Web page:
With Ports, Ships and Promises, India Asserts Role in Southeast Asia
By Raju Gopalakrishnan SINGAPORE, June 3 (Reuters) – Almost lost in the din of the upcoming U.S-North Korea summit and fresh tension between Washington and Beijing last week, India cemented its diplomatic and security ties across Southeast Asia in a clear challenge to China.
It’s not clear just how far New Delhi will take these relationships, given years of promise, and a general election due in 11 months that could be a distraction for Prime Minister Narendra Modi. And if India is already rattling China, it won’t want to spark open confrontation.
But Modi took several concrete foreign policy and security steps in Southeast Asia in recent days.
He signed an agreement with Indonesia to develop a port in the city of Sabang that would overlook the western entrance to the Strait of Malacca, one of the world’s busiest waterways, and agreed a pact with Singapore on logistical support for naval ships, submarines and military aircraft during visits.
Modi also flew to Kuala Lumpur for a late-scheduled call on Malaysian Prime Minister Mahathir Mohamad, who won last month’s general election, effectively cementing ties with three of the most influential Southeast Asian nations.
On Friday, Modi told the Shangri-La Dialogue in Singapore, Asia’s premier defense forum, that India would work with the Association of South East Asian Nations (ASEAN) to promote a rules-based order in the Indo-Pacific region.
“We will work with them, individually or in formats of three or more, for a stable and peaceful region,” he said in the keynote speech at the forum.
Several delegates, including U.S. Defense Secretary Jim Mattis, voiced support.
At the end of the forum on Sunday, Singapore Defence Minister Ng Eng Hen said: “I am sure many countries are delighted that India has indicated its firm commitment to the region.”
The term “Indo-Pacific” has grown in usage across diplomatic and security circles in the United States, Australia, India and Japan in recent years, shorthand for a broader and democratic-led region in place of “Asia-Pacific,” which some people have said places China too firmly at the center.
In a nod to India’s growing regional stature, the U.S. military’s Pacific Command in Hawaii formally changed its name to the U.S. Indo-Pacific Command in a ceremony on Wednesday.
Despite an outward show of friendship between China and India, and Modi’s comments about the strong relations between them, Beijing gave a distinctly cool response to his strategy.
The state-owned Global Times warned in an editorial last week: “If India really seeks military access to the strategic island of Sabang, it might wrongfully entrap itself into a strategic competition with China and eventually burn its own fingers.”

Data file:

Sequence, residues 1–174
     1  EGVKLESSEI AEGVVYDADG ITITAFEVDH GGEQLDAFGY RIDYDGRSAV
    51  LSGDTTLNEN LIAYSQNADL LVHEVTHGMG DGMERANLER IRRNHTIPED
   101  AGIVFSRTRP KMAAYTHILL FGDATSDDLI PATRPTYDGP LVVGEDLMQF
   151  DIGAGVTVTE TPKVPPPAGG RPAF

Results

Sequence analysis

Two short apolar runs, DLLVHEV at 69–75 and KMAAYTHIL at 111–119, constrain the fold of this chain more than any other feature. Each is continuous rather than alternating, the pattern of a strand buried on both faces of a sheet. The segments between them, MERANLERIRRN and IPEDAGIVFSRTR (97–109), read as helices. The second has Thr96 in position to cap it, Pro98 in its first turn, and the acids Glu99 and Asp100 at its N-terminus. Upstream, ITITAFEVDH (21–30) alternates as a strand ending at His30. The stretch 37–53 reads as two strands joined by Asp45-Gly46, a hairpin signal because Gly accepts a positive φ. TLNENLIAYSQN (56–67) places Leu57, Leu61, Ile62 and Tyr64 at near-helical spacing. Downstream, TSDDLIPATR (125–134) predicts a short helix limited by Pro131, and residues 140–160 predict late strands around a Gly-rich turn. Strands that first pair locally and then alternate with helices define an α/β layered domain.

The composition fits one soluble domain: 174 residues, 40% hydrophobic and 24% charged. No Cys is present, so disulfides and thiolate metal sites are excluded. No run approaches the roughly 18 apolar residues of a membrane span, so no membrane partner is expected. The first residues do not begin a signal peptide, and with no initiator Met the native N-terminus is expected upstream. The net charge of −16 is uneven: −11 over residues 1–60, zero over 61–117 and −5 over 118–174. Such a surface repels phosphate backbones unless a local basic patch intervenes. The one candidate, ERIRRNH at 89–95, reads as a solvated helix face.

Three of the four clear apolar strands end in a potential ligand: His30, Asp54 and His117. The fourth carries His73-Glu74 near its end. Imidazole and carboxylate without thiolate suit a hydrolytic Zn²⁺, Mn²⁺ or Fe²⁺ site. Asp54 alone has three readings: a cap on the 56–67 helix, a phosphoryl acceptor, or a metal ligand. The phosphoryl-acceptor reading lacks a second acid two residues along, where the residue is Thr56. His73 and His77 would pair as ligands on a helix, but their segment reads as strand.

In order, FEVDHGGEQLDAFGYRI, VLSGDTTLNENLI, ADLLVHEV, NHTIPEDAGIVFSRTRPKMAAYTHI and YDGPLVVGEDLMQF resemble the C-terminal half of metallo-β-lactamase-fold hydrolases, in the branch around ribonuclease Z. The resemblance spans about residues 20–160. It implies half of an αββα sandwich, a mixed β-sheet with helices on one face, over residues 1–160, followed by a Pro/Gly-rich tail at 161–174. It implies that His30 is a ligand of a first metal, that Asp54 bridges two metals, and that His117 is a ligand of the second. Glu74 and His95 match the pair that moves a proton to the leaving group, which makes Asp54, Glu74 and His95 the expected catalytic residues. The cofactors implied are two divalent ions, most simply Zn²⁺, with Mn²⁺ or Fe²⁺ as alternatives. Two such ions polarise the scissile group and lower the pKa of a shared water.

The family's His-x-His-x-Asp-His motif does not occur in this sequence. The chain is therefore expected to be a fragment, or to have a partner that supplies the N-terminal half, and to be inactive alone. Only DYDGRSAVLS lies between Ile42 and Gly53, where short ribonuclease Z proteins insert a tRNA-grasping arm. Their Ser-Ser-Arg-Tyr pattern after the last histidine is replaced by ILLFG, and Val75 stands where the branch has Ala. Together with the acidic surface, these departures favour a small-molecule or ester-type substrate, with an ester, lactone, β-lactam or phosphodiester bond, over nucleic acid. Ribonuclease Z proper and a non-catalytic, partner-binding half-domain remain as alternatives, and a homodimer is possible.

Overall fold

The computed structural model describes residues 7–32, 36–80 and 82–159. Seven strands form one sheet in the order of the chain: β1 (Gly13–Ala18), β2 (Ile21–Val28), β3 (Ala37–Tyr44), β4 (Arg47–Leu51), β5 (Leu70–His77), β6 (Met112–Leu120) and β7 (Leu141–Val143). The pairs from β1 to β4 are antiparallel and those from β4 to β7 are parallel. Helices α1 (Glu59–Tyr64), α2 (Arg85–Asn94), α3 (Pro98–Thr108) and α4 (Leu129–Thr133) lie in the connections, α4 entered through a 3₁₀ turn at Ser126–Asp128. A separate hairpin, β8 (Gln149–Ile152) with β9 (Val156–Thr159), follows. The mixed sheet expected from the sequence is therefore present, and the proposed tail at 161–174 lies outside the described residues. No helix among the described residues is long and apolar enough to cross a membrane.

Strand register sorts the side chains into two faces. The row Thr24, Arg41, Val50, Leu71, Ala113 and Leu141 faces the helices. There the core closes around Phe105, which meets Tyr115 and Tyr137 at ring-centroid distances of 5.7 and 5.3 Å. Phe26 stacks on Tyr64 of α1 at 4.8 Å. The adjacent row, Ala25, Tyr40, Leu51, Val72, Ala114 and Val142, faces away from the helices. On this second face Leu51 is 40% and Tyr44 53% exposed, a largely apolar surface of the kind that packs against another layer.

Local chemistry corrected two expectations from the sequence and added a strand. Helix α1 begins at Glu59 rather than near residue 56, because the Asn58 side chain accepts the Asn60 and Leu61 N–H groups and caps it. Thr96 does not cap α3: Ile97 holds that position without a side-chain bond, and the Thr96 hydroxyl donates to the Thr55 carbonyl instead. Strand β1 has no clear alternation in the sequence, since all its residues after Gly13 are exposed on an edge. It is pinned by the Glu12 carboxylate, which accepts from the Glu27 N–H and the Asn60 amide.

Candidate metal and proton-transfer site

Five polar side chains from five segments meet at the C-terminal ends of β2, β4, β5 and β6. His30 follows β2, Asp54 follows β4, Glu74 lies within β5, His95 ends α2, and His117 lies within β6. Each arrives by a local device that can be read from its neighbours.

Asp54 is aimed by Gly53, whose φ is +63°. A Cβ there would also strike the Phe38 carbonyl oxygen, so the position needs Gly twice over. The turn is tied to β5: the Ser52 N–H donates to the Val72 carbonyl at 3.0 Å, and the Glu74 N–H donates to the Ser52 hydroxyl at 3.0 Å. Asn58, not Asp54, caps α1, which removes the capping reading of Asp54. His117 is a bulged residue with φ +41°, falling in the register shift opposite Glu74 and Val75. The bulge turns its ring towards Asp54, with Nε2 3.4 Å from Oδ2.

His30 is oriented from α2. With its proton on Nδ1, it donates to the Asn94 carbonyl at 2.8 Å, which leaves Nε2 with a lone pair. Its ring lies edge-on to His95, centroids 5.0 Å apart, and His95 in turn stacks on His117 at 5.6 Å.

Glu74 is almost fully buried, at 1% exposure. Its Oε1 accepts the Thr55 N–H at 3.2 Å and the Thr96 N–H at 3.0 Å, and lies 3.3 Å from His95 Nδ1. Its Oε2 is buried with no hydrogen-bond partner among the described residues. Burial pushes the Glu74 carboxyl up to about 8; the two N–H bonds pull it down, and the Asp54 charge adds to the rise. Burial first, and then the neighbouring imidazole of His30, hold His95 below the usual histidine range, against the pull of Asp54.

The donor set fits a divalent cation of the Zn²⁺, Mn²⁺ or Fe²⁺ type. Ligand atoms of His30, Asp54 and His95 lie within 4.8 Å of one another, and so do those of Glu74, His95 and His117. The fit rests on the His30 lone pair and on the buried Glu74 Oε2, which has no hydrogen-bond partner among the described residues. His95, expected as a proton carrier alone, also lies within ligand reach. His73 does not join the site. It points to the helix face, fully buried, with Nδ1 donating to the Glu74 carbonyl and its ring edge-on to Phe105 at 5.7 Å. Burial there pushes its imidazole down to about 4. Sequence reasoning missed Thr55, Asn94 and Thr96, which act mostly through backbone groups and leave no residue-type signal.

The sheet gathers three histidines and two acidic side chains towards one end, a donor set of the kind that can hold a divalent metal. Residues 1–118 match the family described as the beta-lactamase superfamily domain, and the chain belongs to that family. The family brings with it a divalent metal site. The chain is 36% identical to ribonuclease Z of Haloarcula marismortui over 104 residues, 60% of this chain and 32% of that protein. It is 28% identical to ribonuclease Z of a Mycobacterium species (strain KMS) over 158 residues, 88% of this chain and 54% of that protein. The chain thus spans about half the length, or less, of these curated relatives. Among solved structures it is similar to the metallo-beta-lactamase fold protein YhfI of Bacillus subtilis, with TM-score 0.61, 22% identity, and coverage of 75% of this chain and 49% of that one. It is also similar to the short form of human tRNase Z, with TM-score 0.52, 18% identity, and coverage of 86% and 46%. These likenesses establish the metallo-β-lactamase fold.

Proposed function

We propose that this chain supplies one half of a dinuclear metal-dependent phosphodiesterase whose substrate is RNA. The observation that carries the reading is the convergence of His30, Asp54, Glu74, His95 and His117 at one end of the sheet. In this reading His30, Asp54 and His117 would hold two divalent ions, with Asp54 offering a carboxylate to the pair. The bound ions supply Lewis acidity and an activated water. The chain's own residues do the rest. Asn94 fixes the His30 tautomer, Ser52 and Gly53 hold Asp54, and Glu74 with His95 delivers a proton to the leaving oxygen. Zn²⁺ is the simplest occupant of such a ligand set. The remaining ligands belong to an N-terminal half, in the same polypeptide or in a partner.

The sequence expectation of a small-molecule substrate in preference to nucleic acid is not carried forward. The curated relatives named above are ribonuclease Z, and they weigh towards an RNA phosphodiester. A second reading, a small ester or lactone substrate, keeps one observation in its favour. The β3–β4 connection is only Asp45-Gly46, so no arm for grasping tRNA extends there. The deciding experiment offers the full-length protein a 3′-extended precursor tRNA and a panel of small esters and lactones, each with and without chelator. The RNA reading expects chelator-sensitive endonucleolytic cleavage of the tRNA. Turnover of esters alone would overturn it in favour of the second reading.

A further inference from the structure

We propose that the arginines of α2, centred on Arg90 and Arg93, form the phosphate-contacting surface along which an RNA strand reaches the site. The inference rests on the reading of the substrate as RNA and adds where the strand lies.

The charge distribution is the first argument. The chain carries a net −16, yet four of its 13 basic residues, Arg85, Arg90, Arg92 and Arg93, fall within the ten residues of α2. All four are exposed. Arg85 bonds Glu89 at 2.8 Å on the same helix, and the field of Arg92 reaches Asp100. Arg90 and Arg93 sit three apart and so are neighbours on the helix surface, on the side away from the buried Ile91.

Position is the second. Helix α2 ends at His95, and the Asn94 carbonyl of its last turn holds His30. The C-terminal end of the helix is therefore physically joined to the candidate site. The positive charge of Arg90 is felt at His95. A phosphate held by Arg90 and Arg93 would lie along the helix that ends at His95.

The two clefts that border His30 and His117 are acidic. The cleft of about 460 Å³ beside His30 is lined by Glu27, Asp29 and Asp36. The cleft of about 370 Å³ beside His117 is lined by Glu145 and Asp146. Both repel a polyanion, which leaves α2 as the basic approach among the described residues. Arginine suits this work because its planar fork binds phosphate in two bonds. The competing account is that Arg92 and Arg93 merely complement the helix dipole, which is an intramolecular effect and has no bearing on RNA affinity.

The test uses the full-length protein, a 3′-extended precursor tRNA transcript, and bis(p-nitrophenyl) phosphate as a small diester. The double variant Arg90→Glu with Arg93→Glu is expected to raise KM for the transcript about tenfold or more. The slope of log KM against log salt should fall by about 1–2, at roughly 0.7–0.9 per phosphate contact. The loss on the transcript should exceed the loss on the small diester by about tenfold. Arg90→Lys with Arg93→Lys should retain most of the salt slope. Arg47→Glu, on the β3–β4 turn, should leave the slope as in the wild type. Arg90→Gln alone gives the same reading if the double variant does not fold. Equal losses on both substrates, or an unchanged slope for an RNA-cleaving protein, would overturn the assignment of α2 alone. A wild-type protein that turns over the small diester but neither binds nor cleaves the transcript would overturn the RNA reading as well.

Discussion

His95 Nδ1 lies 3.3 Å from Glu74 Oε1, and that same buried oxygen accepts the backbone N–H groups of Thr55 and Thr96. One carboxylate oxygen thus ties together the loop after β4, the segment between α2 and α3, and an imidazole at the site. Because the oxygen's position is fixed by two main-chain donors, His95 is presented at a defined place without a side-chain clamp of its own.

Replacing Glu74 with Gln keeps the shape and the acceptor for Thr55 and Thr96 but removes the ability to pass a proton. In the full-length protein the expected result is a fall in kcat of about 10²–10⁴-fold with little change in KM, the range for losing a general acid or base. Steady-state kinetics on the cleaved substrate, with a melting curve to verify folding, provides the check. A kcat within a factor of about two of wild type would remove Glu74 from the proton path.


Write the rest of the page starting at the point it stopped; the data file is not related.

Senior Colonel Zhao Xiaozhou, research fellow at the Institute of War Studies Academy of Military Sciences of the People’s Liberation Army, told reporters on the sidelines of the Shangri-La Dialogue that Modi “made some dedicated comments on what he thought of the Indo-Pacific concept.”
He did not elaborate but the Global Times quoted him as saying: “The Indo-Pacific strategy, and the quasi-alliance between the U.S., Japan, India and Australia will not last long.”
Indian foreign ministry officials said there was a strong element of self-interest in New Delhi’s efforts to secure open access to the Malacca Strait, since it carries about 60 percent of its foreign trade.
But India’s intended footprint looks to be wider. Late last month, three Indian warships staged exercises with the Vietnamese navy for the first time in the South China Sea, which is claimed almost wholly by China.
Vietnamese submariners are trained in India, while the two sides have significantly increased intelligence sharing and are exploring advanced weapons sales.
To the west, India signed an agreement for access to the port of Duqm on Oman’s southern coast, during a visit by Modi earlier this year. Under the agreement, media reports said, the Indian navy will be able to use the port for logistics and support, allowing it to sustain long-term operations in the western Indian Ocean.
In January, India finalized a logistics exchange arrangement with France under which it can use French military facilities in the Indian Ocean.
Analysts said a more assertive India would answer concerns in Southeast Asia about expanding Chinese influence in the region and a fear that the United States was disengaging.
The United States’ trade spat with China and a perceived U-turn in its foreign policy as it pursues peace with North Korea had shaken many assumptions in the region, they said.
“There is some pressure (in ASEAN) for diversification of security relationships, taking insurances,” said C. Raja Mohan, director of the Institute of South Asian Studies at the National University of Singapore.
“An active India then actually fits into this situation.”
But although Modi has started strongly, it was not clear how well his strategy would be sustained, he added.
“Implementation has always been a major challenge for India. (Modi is) struggling to improve the capacity of Delhi to do things outside borders. There’s been some advance but that is a structural challenge that will remain.” (Additional reporting by Chyen Yee Lee, Fathin Ungku and Greg Torode in Singapore; Sanjeev Miglani in New Delhi; Editing by Alex Richardson)
(c) Copyright Thomson Reuters 2018.
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